Giant Trawlers Are Gobbling Up Fish in Critical Marine Ecosystem

Industrial fishing operations are scouring the waters of the Barents Sea around Norway,threatening more than 200 fish species and potentially endangeringmillions of seabirds, seals, whales, sharks, and walruses.

Using satellite data and field work, researchers for Greenpeace spent three years documenting the devastating impact industrialtrawlers have hadon whatmany scientists call the “Arctic Galapagos.” In their report, “This Far, No Further,” Greenpeace concludes that”the largely unexplored and vulnerable northern part of the Barents Sea ecosystem is at the mercy of destructive fishing practices, due to the current lack of action to protect it by the Norwegian government or the fishing and processing companies.”

The report specifically implicates companies like Birdseye, Findus and Iglo, which are buying millions of pounds of cod fish caught by the destructive trawlers, as well as haddock, northern prawns and halibut. Greenpeace wants food companies, restaurants and retailers to refuse to traffic in fish caught in the Barents Sea. They are also calling for the Norwegian government to create an off-limits zone in the region.

There are several reasons why industrial trawling is such a big problem. First, itis simply “one of the most destructive methods of fishing,” says marine conservation biologist Calum Roberts, a professor at the University of York, England. “Over the last 200 years, it has converted once rich and complex seabed habitats to endless expanses of shifting sands and mud.”

The trawlers are “weighted with heavy metal rollers; they smash and crush everything in their path.” They can destroy deep-water coral reefs and kelp forests that provide food and breeding grounds for all manner of oceanic wildlife.

The sheer volume of fish that trawlers can catch is also extraordinary. Overfishing has already caused fisheries in other parts of the world to collapse, to the point where some scientists believe we could not just overfish but outfish the oceans by 2050. The increasing number of trawlers, fish processors, exporters and distributors that are now operating in the Barents Sea are putting the entire ecosystem there at risk, as well.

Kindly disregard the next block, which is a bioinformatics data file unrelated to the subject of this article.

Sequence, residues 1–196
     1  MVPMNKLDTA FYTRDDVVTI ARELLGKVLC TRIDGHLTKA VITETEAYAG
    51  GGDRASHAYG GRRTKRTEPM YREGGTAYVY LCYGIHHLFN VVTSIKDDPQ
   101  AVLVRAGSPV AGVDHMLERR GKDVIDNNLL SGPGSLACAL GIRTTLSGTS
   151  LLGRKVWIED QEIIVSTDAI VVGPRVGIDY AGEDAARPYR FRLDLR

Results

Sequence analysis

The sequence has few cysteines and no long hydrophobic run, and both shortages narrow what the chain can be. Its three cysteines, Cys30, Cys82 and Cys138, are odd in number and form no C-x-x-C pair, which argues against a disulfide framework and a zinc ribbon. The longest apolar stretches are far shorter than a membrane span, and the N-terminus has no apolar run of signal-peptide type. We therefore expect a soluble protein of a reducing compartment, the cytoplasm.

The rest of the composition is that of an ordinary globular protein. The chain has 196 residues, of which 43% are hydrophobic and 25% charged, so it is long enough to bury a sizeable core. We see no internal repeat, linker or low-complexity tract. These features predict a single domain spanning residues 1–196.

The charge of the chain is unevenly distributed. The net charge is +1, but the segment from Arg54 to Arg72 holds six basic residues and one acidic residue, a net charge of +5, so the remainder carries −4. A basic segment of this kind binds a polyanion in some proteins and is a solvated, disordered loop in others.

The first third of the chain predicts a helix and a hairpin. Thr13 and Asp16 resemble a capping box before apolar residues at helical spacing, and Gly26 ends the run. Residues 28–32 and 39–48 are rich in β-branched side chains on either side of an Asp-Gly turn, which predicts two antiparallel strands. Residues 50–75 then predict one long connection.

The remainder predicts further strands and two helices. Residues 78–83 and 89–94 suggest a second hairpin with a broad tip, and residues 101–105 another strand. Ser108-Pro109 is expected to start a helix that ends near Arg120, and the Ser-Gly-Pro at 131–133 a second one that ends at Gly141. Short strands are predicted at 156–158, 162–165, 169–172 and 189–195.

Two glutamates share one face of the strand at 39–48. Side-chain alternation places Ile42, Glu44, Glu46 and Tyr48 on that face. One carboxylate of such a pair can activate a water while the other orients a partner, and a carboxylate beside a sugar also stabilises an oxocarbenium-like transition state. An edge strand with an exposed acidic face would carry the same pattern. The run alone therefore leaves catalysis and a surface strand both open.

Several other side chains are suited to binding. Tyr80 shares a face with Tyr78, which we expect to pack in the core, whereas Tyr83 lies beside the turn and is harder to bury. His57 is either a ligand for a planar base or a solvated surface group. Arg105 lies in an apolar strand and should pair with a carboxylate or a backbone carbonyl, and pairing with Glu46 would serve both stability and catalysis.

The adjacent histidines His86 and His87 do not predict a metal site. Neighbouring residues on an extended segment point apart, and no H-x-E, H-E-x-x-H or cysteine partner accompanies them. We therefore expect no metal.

Plus, trawlers catch millions of other animals besides fish. “According to some estimates,as much as 40 percentof fish caught around the globe is discarded at sea, dead or dying,”reports Lee Crockett, Director of U.S. Oceans at the Pew Charitable Trusts. That means millions of whales, turtles, seals, seabirds and other marine life are indiscriminately being caught, killed and thrown back into the sea.

Greenpeace and other conservationists are advocating establishment of a marine reserve to put the most sensitive areas of the Barents Sea completely off-limits to all extractive uses. The organization is also urging fish processors to stop doing business with suppliers that are fishing the northern Barents Sea waters.

Consumers, meanwhile, can put pressure on retailers not to buy fish from producers that can’t document that their fish did not come from the Barents Sea.

Consumers can alsoalso consult the recommendations made at, a resource created by the Monterey Bay Aquarium in California to help people choose seafood that’s been farmed or fished in ways that minimize their environmental impact.

Overfishing is Actually Worse Than We Thought
12 Problems with Ocean Fish Farming

Photo Credit: g.norðoy

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Giant Trawlers Are Gobbling Up Fish in Critical Marine Ecosystem

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